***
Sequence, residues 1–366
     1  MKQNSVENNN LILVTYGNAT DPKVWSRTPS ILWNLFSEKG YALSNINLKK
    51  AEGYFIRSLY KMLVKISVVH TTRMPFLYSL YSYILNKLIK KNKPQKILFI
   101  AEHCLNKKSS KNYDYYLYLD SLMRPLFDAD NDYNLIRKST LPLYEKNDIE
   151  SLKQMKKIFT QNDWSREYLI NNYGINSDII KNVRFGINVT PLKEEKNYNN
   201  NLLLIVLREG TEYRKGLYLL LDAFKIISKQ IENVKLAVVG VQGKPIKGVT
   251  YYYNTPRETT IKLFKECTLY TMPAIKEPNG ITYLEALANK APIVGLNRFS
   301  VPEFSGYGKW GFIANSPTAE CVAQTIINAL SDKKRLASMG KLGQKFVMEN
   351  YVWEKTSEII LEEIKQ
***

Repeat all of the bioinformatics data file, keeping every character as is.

Sequence, residues 1–366
     1  MKQNSVENNN LILVTYGNAT DPKVWSRTPS ILWNLFSEKG YALSNINLKK
    51  AEGYFIRSLY KMLVKISVVH TTRMPFLYSL YSYILNKLIK KNKPQKILFI
   101  AEHCLNKKSS KNYDYYLYLD SLMRPLFDAD NDYNLIRKST LPLYEKNDIE
   151  SLKQMKKIFT QNDWSREYLI NNYGINSDII KNVRFGINVT PLKEEKNYNN
   201  NLLLIVLREG TEYRKGLYLL LDAFKIISKQ IENVKLAVVG VQGKPIKGVT
   251  YYYNTPRETT IKLFKECTLY TMPAIKEPNG ITYLEALANK APIVGLNRFS
   301  VPEFSGYGKW GFIANSPTAE CVAQTIINAL SDKKRLASMG KLGQKFVMEN
   351  YVWEKTSEII LEEIKQ